How to Find Peace of Mind in 6 Steps
In a frantic world, a peaceful mind might seem like a friend you rarely have the chance to catch up with. But finding peace of mind is possible.Share on PinterestA peaceful mind and life may start with becoming intentional in all you do. Illustration by Alyssa Kiefer
Peace of mind, also described as inner calm, refers to an internal state of tranquility. When you have mental peace, you might feel:
- at ease within yourself
- a sense of self-compassion
- unruffled by day-to-day worries
- prepared to welcome whatever life tosses your way
You might assume you can only find peace from within when you’re finally completely free of troubles, but that’s not the case.
In fact, it often works the other way around.
Feeling at peace internally can boost overall contentment and feelings of happiness, regardless of the challenges you face.
A relaxed and calm outlook can help you navigate life’s often-turbulent waters more smoothly.
Finding peace of mind isn’t as challenging as it seems. You can find peace of mind by:
- accepting what can’t be controlled
- forgiving yourself and others
- staying focused on the here and now
- going within
- journaling your thoughts and emotions
- connecting to Mother Earth
Consider these tips anytime, anywhere, to get started:
You can’t actually control your mind and simply tell it, “Be more peaceful” — just as you can’t control life.
Life is unpredictable. From time to time various challenges will surface, complicating your daily routine and leaving you anxious, drained, or even afraid.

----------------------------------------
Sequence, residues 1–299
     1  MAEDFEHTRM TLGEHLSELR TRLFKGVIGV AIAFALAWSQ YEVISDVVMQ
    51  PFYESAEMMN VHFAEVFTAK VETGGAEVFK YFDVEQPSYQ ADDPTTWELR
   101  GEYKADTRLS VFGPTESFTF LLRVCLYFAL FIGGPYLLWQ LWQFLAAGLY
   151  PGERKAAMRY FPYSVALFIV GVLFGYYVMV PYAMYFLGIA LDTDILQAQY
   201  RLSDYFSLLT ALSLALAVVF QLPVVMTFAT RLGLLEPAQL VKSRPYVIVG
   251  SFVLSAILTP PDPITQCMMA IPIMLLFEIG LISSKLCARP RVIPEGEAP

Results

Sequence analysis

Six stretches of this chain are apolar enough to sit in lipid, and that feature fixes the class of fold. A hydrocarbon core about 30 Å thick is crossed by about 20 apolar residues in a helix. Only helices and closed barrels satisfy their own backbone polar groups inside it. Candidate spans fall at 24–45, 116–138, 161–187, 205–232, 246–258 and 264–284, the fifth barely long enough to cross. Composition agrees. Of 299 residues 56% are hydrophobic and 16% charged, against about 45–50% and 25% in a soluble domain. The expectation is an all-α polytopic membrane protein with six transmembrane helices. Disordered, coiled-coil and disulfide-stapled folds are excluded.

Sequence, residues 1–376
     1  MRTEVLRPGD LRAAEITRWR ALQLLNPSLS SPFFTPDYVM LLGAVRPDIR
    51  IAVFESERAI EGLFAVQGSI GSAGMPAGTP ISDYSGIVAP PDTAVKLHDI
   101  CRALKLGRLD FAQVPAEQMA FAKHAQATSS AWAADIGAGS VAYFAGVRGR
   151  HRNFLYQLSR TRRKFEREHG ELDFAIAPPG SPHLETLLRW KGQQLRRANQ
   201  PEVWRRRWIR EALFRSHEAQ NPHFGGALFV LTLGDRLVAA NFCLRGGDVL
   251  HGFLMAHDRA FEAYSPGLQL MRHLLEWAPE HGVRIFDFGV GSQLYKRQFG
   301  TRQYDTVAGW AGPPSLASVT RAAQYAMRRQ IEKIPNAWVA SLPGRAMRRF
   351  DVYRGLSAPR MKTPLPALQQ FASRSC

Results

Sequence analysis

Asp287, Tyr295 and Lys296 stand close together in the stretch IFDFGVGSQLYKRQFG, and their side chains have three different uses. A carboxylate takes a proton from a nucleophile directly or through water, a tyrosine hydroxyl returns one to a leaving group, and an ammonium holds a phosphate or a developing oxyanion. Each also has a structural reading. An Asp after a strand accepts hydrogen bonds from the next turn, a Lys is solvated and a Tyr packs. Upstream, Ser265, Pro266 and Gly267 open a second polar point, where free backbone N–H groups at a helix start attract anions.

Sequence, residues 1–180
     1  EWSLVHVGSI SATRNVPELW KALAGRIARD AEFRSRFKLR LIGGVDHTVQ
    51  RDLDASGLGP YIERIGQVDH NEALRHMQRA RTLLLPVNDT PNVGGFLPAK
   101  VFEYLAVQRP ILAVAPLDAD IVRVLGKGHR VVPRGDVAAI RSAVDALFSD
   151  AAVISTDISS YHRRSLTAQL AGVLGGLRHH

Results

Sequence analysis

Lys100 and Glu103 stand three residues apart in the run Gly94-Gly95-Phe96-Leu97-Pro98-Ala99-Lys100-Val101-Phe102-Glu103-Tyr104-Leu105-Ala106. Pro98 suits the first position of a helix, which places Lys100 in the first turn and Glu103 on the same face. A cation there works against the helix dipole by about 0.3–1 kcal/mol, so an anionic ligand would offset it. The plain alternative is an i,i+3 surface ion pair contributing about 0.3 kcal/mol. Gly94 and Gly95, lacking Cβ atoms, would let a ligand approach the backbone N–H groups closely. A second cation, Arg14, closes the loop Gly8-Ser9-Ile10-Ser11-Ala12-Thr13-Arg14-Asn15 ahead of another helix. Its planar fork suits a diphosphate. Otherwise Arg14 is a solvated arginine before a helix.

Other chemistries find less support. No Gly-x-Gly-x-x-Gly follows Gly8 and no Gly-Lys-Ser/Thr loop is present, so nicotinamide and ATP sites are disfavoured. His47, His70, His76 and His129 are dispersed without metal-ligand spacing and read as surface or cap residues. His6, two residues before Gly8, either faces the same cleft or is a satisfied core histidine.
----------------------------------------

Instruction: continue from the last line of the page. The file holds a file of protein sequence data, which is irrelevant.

It’s entirely natural to worry about a parent’s illness, or feel dismayed and angry by your recent job loss. But when you fixate on those feelings, they can eventually take over, disturbing your peace and making it more difficult to cope.
Ignoring those feelings to just get on with things generally doesn’t help, either. Suppressed emotions can intensify, leaving you far less calm down the line.
Acceptance, on the other hand, often does make a difference. Research shows that accepting your own thoughts and emotions is an effective strategy.
You can also practice cognitive reframing by reminding yourself:
- “What’s happening right now won’t last forever. In the meantime, I’m doing my best.”
- “This is a tough situation, but I can get through it.”
- “I feel miserable right now, but I won’t always feel like this.”
It’s natural to want to turn away from pain, so it can take time to get in the habit of acceptance. But as it becomes more natural, you’ll likely find yourself feeling more at peace.
What happens when you feel you have no peace of mind?
The demands of everyday life can lead to stress and other emotional turmoil, no question — especially if you’re going through a rough patch.
You typically can’t escape life’s challenges, and inner peace won’t make your difficulties disappear. But mental peace is so important because it can help you remain calm in the face of distress by easing feelings of anxiety, worry, and overwhelm.
Without peace of mind, you might eventually begin to notice symptoms of anxiety and stress, including:
- sleep disturbances
- aches and pains
- fatigue and low energy
- stomach distress
- anger or irritability
- difficulty concentrating
- relationship tension or conflict
Finding peace from within doesn’t necessarily prevent symptoms of anxiety or depression. All the same, a lack of it could worsen mental and emotional distress.
Feeling hurt, even angry, when someone wrongs you or treats you unfairly is an understandable (and completely natural) response.